Embattled German President Christian Wulff has used his annual Christmas address to call for an end to xenophobia, but made no further comment on the ongoing scandal over his private finances.
In a speech that highlighted the need for social engagement and tolerance, the German head of state addressed the nation from his Bellevue Palace, surrounded by a diverse group of model citizens from all over the country, who, he said, each in their own way had contributed to society.
It is social cohesion, Christian Wulff said, that would continue to be crucial for Germany's - and Europe's - future, especially now as many people worry about the debt crisis and Europe’s growing disunity.
"Europe is our mutual home and our rich heritage," Wulff said. "It stands for the great values of freedom, human rights, and social security."
'No place for xenophobia'
Wulff also addressed the series of murders committed by a neo-Nazi group operating in Germany over the past decade. He stressed that all Germans should be able to live in safety.
"We were all shocked to learn that racially motivated criminals planned the murders of foreigners over a span of several years,” Wulff said. “We never thought this was possible."
The president added that conversations he had had with relatives of the victims moved him greatly. Some lost only a loved one, but were also suspected themselves of being involved in the crimes.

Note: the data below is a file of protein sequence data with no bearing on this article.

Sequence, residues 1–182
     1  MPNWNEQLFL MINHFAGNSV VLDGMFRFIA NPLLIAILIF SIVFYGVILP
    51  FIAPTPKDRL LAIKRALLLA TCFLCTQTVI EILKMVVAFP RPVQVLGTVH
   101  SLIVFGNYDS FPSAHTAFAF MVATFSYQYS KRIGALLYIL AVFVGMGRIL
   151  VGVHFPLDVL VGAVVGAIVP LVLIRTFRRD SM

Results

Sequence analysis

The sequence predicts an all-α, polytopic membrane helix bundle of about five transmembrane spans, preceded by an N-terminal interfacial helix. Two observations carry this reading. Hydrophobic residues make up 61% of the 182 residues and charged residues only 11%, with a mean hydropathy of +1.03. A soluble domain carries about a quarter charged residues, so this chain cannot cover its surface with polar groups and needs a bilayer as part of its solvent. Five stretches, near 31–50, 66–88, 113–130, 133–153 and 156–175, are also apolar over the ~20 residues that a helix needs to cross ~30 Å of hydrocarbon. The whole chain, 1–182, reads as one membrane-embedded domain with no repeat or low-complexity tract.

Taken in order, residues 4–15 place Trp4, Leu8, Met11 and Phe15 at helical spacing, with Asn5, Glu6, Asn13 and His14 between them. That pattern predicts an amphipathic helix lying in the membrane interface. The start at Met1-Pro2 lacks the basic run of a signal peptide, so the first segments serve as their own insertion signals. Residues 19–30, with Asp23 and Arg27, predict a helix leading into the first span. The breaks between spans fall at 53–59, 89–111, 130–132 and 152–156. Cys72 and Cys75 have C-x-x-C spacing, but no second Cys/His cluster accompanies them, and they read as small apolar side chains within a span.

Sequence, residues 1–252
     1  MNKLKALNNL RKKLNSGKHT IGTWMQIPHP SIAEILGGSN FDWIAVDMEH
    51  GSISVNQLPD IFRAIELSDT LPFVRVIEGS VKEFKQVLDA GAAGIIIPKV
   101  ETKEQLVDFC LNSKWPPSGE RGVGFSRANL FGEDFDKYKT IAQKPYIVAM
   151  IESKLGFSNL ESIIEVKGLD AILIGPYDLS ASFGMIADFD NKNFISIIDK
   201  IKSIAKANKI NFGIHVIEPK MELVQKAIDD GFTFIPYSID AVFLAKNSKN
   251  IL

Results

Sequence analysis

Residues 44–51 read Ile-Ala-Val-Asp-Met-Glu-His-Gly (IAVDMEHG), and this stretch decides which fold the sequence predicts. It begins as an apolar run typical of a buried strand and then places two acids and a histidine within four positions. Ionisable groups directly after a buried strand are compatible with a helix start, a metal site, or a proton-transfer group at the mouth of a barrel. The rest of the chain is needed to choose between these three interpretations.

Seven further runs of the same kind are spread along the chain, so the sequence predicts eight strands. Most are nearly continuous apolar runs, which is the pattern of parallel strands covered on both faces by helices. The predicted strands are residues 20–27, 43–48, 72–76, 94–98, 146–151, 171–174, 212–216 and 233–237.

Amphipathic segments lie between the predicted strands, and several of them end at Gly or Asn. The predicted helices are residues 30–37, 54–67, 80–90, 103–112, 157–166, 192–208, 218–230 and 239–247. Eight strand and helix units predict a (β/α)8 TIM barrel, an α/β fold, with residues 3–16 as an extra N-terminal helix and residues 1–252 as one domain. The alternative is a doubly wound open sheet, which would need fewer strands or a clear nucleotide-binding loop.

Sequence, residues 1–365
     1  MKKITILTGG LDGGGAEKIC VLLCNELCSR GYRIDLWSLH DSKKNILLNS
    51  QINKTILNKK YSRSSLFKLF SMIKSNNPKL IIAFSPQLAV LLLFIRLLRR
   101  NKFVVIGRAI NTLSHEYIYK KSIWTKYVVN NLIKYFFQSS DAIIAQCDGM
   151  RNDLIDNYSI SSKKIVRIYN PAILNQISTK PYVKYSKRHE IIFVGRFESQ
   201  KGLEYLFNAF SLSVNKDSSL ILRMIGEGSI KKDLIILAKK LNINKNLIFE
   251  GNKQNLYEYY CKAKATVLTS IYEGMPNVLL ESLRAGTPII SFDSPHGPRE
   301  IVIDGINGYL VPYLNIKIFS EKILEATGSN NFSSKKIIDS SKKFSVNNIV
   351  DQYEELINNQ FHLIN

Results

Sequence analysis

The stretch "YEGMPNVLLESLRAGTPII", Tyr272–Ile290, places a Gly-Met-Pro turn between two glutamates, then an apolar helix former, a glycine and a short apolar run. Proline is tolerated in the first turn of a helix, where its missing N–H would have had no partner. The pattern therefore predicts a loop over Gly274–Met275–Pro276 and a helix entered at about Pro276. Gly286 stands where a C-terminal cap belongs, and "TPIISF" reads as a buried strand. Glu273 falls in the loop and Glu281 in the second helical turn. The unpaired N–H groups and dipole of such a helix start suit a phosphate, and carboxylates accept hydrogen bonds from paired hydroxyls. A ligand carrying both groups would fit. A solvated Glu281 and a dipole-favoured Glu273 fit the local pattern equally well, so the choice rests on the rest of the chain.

"In our country there is a no place for xenophobia, violence and political extremism," he said.
Wulff thanked all Germans active in the fight for peace and welfare abroad
Thanks from abroad
An open society, Wulff continued, was also responsible for the welfare of people living in other parts of the world.
"We are also thinking this evening about those who are far away from home in the fight for peace and security, most of all about our soldiers,” he said.
According to Wulff, Germans enjoy a good reputation abroad because essentially no other country has a greater willingness to help other.
"This is why I hear so many words of thanks abroad. And I would like to give this thanks to you, because we can be proud of our country," Wulff said.
Wulff made no further mention of the accusations leveled against him in connection with a dubious bank loan that has caused a storm in the media.
Earlier this week, the president apologized for not being more open about the situation but said he intended to stay on as head of state despite having "irritated" his countrymen.
Author: Peter Stützle / glb
Editor: Toma Tasovac